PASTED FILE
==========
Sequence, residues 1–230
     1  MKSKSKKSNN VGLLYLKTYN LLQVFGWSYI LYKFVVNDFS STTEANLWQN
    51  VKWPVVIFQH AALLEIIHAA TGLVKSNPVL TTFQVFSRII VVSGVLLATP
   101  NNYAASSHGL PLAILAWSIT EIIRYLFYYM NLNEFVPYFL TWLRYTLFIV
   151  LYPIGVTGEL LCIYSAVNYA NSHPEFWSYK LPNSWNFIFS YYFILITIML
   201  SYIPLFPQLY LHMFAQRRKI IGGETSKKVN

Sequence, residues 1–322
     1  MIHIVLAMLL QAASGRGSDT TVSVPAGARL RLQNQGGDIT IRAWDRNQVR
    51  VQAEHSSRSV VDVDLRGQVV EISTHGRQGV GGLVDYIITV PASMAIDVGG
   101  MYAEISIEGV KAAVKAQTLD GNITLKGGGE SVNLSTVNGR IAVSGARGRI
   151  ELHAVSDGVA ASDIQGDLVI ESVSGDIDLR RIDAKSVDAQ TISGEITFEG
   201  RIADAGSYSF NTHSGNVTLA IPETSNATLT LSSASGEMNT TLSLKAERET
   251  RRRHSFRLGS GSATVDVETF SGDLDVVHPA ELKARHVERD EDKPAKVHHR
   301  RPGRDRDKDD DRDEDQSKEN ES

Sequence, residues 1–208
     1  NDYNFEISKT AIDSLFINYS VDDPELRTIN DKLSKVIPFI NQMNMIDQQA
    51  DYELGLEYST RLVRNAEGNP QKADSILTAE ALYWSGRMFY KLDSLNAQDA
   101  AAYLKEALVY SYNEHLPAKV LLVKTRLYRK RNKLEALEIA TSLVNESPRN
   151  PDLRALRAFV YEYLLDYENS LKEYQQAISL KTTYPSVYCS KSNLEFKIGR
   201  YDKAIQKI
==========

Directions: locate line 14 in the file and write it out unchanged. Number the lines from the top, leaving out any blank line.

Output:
   301  RPGRDRDKDD DRDEDQSKEN ES